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How to measure touch strength using 3D Touch

3D Touch is a new technology that was first trialled in Apple Watch as Force Touch, but introduced fully inside the iPhone 6s. In iOS it's responsible for multiple interesting technologies: peek and pop (to preview and jump into view controllers), application shortcuts (menus on the home screen for common actions) and also pressure-sensitive taps for UITouch.

All three of these are surprisingly simple to do, but in this project we're going to use only the last one, and I think you'll be impressed by how easy it is. This project is about producing a hoax, and we're going to make it so that if you press hard on any card it will automatically become a star. This allows you to be able to "guess" correctly even without an Apple Watch around, because any card is the right answer as long as you press correctly.

To accomplish this, we're going to use two new properties of UITouch: force and maximumPossibleForce. The first tells us how strongly the user is pressing for the current touch, and the second tells us the maximum recognizable strength for the current touch. For our purposes, we just need to make sure the two match: if the user is pressing as hard as the screen can recognize, we'll enable our cheat.

The cheat itself is really simple, because we just need to change the image on the front of the card and set its isCorrect property to be true.

There is one small problem here, but it's trivial to fix: devices older than the iPhone 6s devices don't support 3D Touch, and even 3D Touch devices can have the feature disabled on user request. So, we need to add a simple check to ensure 3D Touch is available and enabled on our current device.

That's how it all needs to work in theory, but now for the implementation. To keep things as straightforward as possible, we're going to add all this work to touchesMoved() in ViewController.swift, which will get called every time the user's finger moves on the screen. Inside this method, we'll find where the user's touch was, then loop through all the cards to find which one (if any) they are over. Then, if they are over a card and are pressing hard enough, we'll enable the cheat.

Add this method to ViewController.swift now:

override func touchesMoved(_ touches: Set<UITouch>, with event: UIEvent?) {
    super.touchesMoved(touches, with: event)

    guard let touch = touches.first else { return }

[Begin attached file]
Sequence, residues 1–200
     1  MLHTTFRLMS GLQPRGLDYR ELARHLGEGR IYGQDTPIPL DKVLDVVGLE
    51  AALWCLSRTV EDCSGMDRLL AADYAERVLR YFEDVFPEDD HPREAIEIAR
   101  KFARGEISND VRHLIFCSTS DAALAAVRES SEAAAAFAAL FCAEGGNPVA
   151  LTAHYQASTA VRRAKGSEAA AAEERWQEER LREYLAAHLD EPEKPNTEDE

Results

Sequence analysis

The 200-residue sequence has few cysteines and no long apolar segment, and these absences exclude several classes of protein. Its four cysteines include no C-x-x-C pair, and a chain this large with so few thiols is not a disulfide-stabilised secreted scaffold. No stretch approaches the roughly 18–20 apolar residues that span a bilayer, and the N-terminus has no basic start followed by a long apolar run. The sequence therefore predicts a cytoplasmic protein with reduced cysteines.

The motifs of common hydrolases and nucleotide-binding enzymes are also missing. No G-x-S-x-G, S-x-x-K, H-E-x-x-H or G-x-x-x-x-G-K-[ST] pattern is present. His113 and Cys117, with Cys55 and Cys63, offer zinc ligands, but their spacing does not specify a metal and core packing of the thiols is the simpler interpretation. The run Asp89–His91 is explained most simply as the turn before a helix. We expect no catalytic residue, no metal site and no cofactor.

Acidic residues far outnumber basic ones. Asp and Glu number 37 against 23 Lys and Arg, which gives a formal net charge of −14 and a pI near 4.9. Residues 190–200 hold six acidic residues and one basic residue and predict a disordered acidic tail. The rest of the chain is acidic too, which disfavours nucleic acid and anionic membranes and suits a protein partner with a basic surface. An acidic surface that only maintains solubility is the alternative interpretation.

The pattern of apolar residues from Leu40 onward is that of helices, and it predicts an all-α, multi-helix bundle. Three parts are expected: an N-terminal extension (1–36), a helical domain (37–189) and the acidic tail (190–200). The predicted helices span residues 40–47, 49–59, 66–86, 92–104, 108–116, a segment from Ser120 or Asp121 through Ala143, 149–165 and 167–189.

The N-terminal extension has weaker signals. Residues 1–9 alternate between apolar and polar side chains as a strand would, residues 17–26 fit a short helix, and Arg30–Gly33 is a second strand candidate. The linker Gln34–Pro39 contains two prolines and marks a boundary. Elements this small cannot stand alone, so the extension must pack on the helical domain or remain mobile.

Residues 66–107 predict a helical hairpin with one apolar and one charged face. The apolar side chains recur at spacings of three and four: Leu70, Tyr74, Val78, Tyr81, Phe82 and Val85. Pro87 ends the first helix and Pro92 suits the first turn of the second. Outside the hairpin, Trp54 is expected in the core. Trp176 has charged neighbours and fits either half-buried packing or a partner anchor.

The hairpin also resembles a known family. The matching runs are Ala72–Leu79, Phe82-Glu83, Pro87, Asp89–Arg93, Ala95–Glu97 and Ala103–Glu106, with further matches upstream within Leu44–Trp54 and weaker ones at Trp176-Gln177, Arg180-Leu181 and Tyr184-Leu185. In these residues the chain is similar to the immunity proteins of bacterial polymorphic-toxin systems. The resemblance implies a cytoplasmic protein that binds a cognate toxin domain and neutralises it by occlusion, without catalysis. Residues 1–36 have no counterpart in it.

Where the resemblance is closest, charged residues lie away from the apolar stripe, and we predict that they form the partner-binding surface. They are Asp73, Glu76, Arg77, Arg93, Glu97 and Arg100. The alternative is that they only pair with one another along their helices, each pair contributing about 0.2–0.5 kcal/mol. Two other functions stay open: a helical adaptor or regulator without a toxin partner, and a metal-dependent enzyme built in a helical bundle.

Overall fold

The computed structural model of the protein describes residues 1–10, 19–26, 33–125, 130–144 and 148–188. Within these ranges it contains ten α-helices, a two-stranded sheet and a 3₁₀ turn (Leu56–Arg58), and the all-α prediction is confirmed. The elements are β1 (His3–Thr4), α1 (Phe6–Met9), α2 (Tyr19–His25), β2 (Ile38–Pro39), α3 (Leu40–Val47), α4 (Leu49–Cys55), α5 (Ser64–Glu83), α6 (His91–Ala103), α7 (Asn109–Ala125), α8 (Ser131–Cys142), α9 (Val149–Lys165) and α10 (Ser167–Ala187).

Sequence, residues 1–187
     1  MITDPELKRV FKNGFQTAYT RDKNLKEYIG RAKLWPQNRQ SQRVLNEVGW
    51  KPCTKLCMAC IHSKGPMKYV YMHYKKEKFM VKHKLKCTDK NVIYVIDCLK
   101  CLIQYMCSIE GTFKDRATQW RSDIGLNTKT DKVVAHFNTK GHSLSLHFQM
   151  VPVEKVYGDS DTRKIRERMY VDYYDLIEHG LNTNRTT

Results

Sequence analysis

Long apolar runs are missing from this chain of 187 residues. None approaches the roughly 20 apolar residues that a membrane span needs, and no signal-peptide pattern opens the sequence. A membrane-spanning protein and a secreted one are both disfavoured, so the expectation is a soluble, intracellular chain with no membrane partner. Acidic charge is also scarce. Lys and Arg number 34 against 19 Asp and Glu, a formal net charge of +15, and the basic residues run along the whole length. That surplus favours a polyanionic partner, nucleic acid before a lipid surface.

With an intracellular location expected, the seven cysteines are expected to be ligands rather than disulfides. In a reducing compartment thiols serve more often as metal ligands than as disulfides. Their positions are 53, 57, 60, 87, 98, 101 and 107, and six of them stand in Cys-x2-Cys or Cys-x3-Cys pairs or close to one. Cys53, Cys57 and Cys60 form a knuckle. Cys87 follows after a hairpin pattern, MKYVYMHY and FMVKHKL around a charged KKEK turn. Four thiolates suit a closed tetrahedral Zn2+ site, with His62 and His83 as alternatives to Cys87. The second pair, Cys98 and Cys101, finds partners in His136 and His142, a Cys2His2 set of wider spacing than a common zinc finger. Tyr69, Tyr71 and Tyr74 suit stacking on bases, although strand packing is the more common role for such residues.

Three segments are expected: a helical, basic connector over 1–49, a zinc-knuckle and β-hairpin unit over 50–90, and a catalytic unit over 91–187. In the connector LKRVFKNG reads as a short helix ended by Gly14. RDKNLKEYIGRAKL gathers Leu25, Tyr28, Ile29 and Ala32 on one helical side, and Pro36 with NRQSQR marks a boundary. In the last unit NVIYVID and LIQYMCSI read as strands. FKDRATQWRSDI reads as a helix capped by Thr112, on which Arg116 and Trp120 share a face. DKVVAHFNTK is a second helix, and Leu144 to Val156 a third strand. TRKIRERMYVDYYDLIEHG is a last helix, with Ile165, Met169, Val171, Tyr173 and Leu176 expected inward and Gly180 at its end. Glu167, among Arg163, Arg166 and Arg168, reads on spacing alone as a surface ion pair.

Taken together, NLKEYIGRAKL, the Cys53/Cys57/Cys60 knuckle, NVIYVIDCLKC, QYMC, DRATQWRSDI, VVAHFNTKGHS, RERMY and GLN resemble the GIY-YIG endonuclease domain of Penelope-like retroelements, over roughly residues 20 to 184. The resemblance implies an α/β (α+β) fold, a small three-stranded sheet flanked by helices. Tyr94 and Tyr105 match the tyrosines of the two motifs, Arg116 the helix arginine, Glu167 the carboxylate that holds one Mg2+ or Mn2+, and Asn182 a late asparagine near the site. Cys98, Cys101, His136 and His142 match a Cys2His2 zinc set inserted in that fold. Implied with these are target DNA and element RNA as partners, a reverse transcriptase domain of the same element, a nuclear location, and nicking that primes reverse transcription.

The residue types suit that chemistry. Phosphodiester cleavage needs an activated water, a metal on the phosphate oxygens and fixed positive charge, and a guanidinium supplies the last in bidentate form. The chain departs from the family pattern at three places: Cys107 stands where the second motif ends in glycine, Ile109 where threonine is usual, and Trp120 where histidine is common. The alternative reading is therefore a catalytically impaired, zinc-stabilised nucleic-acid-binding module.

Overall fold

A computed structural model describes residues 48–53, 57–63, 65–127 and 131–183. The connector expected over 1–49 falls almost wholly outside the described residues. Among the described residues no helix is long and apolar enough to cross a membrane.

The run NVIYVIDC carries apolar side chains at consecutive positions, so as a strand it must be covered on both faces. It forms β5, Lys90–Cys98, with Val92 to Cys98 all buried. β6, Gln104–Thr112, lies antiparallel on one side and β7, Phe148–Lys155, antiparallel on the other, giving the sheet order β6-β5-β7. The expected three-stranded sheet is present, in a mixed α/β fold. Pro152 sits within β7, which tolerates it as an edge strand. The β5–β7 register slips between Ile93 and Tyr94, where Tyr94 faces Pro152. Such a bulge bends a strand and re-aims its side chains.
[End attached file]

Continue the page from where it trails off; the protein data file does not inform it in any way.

let location = touch.location(in: cardContainer)

    for card in allCards {
        if card.view.frame.contains(location) {
            if view.traitCollection.forceTouchCapability == .available {
                if touch.force == touch.maximumPossibleForce {
                    card.front.image = UIImage(named: "cardStar")
                    card.isCorrect = true

That contains three pieces of code that we haven't looked at before. The first two are tiny but important, so I want to cover them briefly before moving on. The first is location(in:), which is the UIKit version of the location(in:) method we've used in SpriteKit several times. The second is the contains() method of CGRect, which returns true if a point is inside the rectangle.

I told you it was tiny, but it's definitely important: our point is the location of the current touch, and our rectangle is the frame of each card. So, this method returns true if the user's finger is over a particular card.

The third piece of new code is the check whether 3D Touch is available, although as you can see the check is actually for "force touch" being available – presumably because Apple's marketing department got involved after development had completed! This is done by reading the current trait collection for the view and checking whether its forceTouchCapability is set to .available.

That's all the code it takes to enable our first cheat, but I'm afraid that you can test it only if you have a 3D Touch-capable device – Xcode's iOS simulator does not support 3D Touch, so either you test with a real device or just take my word for it!

Note: in case you were wondering, that code will indeed run every time the user moves their finger, but like I said earlier "UIImage shares image data across image views very efficiently, so there's no extra cost to this approach." The same is true here: this code will run very quickly.

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